What does it mean to ‘hack’ something? A programmer will tell you that hacking is manipulating the normal behavior of connected systems to gain access. In practical effect, it’s the peeling away of layers and the inventive use of new keys.
A hacker is one who looks at a wall that’s too high to climb and too wide to go around, and rolls up their sleeves because they’re going to try something entirely different. A hackathon isolates and amplifies the hacker mindset by gathering multidisciplinary hackers into teams to address a specific challenge within a fixed timeframe. It can be a Petri dish for business experiments, both those you’ve wanted to try but haven’t yet and those you did not see coming.
Imagine if all you had to do was book a room, provide food and pass out many T-shirts. You would beam as a flood of new solutions pumped outward throughout your entire domain. Technical debt and corporate inefficiencies would be blasted away like cobwebs in the divine wind of hacker culture.
It takes a lot more work than that to arrive at the promised land, unfortunately. That fact can be enough to lead corporate innovators to look away from hackathons as a controlled environment to test and improve on everything from roadmaps to new and existing features to inefficient processes.
There is reason to persevere with hackathons, though: they work. Creativity, like electricity, follows the path of least resistance. If you bring small, talented teams to the same start line, sparks do fly. A hackathon is your best shot at a new feature, a cleaner workflow, that fresh view that might just change everything.
Make Hackathons Your Most Reliable Idea Force
The challenge is separation. How do you run a hackathon that sharpens your edge without becoming a bloated garbage can for your marketing budget? Keeping the 3 tips below in mind is a good start.
1. Focus on Measurement and Execution
To make a Hackathon worthwhile, its results need to stick. Bringing talent into the door and setting them up in a sprint situation is a great first step. Successful hackathons keep one eye on the larger prize: the implementation that comes after. Hackathons that function like Petri dishes in a lab setting don’t happen by coincidence. They happen when innovation teams put as much thought into measuring and deploying solutions as they do into shepherding talent to build those solutions in the first place.
The outcomes you’re measuring, whether they’re a new feature or a process improvement, need a continuous system of new tracking signals. Corporations like GE and Intel succeed in innovation by demonstrated commitment to experimental and data-driven decisionmaking. Even if your corporation is large does not mean it needs to lumber. Demonstrate just as much agility in measuring these experiments as was displayed in their development.
As your hackers produce new solutions, keep their road clear. Interaction between the execution team and the product team mostly slows both parties down. Be aware of who your engine is, and carefully build a body kit that fully harnesses the power they generate.
2. Your Hackathon is a No-Wall Zone
At any significant scale, companies need vertical hierarchy to function. A hackathon offers a controlled environment in which those traditional channels can come down or be rewired. A hackathon is a unique chance to deploy cause-specific strike teams. Just as the traditional pens and information flows are coming down, the barriers around information hoarding need to come down as well.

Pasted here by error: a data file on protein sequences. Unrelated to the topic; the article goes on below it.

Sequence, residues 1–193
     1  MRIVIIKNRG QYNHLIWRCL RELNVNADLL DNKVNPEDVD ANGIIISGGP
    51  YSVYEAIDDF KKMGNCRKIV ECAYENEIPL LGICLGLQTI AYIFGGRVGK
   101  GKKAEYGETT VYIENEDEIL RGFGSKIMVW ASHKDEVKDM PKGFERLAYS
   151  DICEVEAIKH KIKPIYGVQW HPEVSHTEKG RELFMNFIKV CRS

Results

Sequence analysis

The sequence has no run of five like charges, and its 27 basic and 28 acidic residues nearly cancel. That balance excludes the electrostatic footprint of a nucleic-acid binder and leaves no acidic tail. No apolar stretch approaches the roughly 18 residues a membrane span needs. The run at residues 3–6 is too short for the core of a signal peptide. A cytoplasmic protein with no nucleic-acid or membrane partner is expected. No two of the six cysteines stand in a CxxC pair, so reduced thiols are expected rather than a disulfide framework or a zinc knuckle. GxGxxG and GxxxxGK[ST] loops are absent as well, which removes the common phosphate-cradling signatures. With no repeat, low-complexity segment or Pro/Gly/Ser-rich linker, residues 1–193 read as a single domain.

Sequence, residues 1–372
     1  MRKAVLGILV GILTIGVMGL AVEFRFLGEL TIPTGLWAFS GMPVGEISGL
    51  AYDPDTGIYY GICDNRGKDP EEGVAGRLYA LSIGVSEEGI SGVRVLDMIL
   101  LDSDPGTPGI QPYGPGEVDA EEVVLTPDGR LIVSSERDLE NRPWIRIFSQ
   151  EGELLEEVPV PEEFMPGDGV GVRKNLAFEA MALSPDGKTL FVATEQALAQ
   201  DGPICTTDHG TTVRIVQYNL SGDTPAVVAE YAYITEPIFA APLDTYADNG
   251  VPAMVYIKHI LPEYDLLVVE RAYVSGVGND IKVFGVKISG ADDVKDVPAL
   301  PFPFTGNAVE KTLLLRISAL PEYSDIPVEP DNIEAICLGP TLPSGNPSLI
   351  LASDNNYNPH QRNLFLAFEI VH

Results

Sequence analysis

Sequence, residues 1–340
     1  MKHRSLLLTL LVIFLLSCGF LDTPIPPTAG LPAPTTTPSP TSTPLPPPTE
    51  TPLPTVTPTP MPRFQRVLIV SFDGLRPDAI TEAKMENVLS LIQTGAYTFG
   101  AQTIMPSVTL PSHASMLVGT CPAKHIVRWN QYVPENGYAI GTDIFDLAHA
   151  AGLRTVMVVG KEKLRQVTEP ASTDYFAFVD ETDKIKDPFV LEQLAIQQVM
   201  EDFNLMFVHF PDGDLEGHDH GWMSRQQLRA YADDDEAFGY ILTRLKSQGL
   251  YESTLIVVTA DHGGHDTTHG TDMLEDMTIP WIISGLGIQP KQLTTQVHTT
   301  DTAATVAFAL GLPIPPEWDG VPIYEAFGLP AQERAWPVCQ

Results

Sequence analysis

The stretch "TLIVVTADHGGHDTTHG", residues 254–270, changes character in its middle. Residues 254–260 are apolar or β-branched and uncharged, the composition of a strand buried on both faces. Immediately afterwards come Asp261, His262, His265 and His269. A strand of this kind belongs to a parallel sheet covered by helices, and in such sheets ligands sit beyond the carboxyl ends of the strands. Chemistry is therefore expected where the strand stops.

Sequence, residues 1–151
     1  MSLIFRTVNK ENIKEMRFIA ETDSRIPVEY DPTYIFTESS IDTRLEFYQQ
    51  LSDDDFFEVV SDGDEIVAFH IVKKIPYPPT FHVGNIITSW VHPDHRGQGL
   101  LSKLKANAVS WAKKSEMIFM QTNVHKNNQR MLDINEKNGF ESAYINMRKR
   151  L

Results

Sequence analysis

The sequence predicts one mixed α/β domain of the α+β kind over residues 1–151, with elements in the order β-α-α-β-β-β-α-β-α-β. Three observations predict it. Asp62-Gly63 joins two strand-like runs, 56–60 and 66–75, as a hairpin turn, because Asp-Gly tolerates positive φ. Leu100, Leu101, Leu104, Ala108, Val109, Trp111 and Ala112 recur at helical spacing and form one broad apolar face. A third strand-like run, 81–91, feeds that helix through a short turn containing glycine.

Hackathons, when done well, become cultural touchpoints. They’re a chance to orient your employees around new values as pole stars. Instead of a deviation from the norm, the best corporate hackathons are concentrated bursts of everything that makes a company great.
Environments like these, in which employees feel comfortable sharing info and asking questions, are the ones in which the most successful outcomes are realized. Secure corporate backing beforehand, so your mandate to cooperate actually has teeth. You can always have people sign an NDA on an iPad by the door, but you’ll have no idea that you missed a game-changing connection because of provincialism.
3. Keep Marketing In Perspective
Obviously, the biggest component of a Hackathon is the talent. It’s important to get gifted hackers of different backgrounds and disciplines in the same room. But time and again, the thread of a well-executed hackathon starts to fray when innovators start chasing optics.
Say it with us: my company Hackathon is not a marketing exercise. By all means, let your marketing team take pictures and spin out blog content and develop hashtags. They will probably want to hand out T-shirts. But the point of the hackathon is not to make the company look good. If the takeaway from the event is that everything your company is doing is great, you’ve missed the boat entirely.
A good marketing team makes your company look its best. A good hackathon shines a glaring light on what you’re missing or haven’t built yet. Be aware of this diametric opposition, and prioritize the latter. Your aim should be a clearer understanding of your product’s shortcomings, and several new ideas to fix them.
The common thread connecting really good, worthwhile hackathons is a simple one. If your hackathon is an event marked by separation from reality, it won’t bring you much in the way of realistic solutions. It will bring you a spotlight and a marketing boost, but nothing more.
If your hackathon is instead focused on developing experiments and investigating existing products and processes, it will pay for itself many times over. You’ll become better at soliciting solutions, deploying them, measuring their effectiveness, and iterating faster. Tie your hackathons to real business objectives, and you won’t be surprised when they yield real business wins.
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